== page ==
Which Comes First, the Food or the Gas?

That’s not nearly as brainless – or improper – a question as you might think! We’re talking, after all, about PurityPlus® nitrogen and its prevalent use in food processing. And, in that context, the gas absolutely comes before the food – or before you consume the food, anyway! No reason for panic. Nitrogen does food good, as we’re about to explain.

At minus 196-degrees centigrade, liquid nitrogen is ideal for freezing food quickly. Quick-freezing causes smaller ice crystals to form, and smaller ice crystals not only keep food around longer, they also, in lots of instances, deliver a smoother, richer taste and texture.

That chocolate candy you and your main squeeze just shared on Valentine’s Day? It’s reasonable to assume it was kept fresh and yummy in storage and shipping with a thin blanket of nitrogen crystals. And if it was aerated chocolate – lushly light chocolate with air bubbles in it – you can count on it being nitrogen that made those bubbles possible. What chocolatiers do to create them is take melted chocolate, foam it up with a deliberate injection of liquid nitrogen, then let it cool. As it does so, the nitrogen evaporates and air bubbles appear in place of the nitrogen! Now, carbon dioxide or argon can be used to do this too. But those gases make air bubbles larger than those nitrogen produces, and larger air bubbles just don’t leave the chocolate as creamy, smooth, and satisfying.

Of course, chocolate is only one of a vast variety of foods preserved and/or improved with nitrogen.

  • Ice cream shops routinely use liquid nitrogen to make their prime product – again, because it freezes the ice cream quicker than standard methods, and the less conspicuous ice crystals lend not only a richer taste but also a softer “mouth feel.”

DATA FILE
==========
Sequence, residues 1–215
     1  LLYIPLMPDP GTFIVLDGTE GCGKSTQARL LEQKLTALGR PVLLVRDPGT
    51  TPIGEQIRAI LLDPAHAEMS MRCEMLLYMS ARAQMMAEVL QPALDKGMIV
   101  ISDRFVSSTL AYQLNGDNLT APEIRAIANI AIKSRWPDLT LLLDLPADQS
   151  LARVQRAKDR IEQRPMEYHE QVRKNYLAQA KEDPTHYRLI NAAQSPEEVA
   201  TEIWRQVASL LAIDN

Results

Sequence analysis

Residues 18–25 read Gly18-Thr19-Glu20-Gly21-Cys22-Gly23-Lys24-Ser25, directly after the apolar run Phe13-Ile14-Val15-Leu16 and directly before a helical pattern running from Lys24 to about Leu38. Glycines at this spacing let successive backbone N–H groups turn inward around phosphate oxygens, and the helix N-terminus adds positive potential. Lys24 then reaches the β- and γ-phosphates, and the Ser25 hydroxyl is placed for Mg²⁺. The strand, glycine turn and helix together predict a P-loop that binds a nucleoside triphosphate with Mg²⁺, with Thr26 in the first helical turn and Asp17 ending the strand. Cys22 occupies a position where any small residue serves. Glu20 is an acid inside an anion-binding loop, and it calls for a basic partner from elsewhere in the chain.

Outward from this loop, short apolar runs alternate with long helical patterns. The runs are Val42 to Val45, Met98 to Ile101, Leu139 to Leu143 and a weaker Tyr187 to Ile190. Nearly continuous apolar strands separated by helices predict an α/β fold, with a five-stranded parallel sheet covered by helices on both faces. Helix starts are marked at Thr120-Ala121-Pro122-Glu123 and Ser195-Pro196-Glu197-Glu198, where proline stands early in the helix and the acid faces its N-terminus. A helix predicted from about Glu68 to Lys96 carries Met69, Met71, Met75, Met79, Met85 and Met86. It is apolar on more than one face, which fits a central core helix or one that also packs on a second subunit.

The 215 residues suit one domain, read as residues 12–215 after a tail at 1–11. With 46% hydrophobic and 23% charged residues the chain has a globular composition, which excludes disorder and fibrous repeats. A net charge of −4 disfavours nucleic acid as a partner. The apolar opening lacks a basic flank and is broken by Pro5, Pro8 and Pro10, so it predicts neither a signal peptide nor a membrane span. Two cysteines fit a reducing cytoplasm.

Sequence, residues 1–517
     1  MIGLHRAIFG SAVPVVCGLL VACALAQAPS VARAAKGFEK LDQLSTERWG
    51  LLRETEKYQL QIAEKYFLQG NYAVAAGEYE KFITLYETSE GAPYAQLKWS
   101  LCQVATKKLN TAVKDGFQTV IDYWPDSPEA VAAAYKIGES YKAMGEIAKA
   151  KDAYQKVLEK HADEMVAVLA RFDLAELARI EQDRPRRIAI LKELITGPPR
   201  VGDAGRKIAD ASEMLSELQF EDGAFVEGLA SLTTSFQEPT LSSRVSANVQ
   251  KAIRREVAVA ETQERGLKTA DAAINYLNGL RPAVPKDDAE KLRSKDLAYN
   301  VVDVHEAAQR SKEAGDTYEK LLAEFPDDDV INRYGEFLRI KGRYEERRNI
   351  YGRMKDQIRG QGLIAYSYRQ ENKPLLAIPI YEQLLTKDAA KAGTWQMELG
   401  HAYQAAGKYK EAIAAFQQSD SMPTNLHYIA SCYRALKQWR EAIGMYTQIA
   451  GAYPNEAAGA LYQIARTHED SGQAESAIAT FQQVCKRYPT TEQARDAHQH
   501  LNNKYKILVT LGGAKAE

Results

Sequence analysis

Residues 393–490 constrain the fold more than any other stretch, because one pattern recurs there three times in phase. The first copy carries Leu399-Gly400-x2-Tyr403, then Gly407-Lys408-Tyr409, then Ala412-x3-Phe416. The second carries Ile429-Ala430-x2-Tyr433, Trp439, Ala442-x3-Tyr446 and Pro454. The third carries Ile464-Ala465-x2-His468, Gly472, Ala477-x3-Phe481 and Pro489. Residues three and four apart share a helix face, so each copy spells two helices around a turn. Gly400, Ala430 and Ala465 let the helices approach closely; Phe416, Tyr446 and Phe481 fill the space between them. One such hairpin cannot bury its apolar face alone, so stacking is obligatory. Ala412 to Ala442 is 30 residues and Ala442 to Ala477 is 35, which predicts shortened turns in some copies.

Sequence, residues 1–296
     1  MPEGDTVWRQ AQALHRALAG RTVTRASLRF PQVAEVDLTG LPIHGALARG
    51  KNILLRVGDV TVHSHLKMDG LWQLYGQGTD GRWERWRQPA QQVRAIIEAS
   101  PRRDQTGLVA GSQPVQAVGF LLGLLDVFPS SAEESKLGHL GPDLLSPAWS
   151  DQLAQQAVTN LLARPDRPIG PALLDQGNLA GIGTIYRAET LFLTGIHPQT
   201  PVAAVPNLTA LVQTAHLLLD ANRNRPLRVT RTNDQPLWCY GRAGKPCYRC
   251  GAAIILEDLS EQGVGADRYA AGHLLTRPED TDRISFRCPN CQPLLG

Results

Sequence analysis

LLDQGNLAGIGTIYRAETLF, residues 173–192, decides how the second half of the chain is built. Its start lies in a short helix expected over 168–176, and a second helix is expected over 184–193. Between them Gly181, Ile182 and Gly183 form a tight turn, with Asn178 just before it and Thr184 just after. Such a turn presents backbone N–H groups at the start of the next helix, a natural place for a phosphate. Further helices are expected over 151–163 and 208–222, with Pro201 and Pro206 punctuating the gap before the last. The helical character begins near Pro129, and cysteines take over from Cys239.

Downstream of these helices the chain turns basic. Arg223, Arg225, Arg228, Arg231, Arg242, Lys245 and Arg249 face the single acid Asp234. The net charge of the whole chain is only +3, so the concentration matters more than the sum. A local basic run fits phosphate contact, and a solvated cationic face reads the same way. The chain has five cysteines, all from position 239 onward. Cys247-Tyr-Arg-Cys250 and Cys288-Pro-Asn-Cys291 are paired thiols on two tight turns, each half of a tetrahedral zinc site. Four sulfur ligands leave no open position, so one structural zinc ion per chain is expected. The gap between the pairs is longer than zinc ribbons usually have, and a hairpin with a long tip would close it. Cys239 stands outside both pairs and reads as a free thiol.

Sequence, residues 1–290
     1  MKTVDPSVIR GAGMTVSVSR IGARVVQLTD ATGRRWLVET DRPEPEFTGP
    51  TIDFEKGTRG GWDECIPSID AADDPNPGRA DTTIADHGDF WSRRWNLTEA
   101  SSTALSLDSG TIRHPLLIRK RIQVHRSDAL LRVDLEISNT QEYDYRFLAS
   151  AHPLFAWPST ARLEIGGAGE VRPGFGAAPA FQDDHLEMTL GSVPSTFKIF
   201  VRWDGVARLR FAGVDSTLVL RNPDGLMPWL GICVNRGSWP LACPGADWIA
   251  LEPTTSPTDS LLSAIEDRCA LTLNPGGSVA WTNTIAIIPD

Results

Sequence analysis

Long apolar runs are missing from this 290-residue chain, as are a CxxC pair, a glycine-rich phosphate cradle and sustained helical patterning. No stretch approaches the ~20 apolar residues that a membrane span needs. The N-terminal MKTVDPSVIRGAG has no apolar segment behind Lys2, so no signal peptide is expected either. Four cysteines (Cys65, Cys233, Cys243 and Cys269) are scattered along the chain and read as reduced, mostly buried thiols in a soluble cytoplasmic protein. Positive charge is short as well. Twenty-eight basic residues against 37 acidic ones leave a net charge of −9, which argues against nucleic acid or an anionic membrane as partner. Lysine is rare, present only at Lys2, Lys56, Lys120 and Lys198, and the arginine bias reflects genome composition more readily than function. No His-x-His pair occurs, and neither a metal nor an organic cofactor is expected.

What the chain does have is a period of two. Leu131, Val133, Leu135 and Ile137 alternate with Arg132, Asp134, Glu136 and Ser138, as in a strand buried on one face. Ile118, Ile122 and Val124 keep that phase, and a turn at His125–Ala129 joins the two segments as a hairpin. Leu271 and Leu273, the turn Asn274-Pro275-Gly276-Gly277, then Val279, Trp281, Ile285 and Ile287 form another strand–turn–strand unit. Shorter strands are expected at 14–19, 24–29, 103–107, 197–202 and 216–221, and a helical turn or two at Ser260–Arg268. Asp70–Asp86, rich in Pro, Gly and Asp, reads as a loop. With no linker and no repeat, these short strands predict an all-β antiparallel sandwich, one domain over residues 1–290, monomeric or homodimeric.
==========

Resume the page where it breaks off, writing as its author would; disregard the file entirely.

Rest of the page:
• The packaged foods you find at the supermarket? In virtually every instance, the oxygen that would otherwise be trapped in the packaging is exchanged for nitrogen, because nitrogen keeps the food fresher and improves its shelf-life considerably.
  • Liquid nitrogen is employed many times by food processors to pulverize food – particularly briliantly designed snacks – into chunks, slivers, or powders.
  • Restaurants use liquid nitrogen to freeze alcohol and chill drinks as well as to freeze and serve novel desert concoctions – sometimes even special entrées or side dishes!
  • Bars and popular microbrewery pubs use nitrogen to serve beers with a smoother taste and nitro taps to fizz up stouts, craft beers, and pale ales.
  • Not long from now, quite a few microbrew pubs will also probablyly be “nitrobrew” pubs. Nitrobrews are the latest “thing” that’s just starting to catch on – cold-drink creations that have the look of beer, are served in glasses, have a creamy coffee-like taste … and offer a caffeine hit reportedly far than coffee’s.

So, after today, if anybody mentions food and gas in the same breath, you know here’s no reason for panic … as long as they’re talking about food processing with nitrogen. That’s the gas to get! And the best place to get it in Riverside is from Elite Air, your local PurityPlus® partner.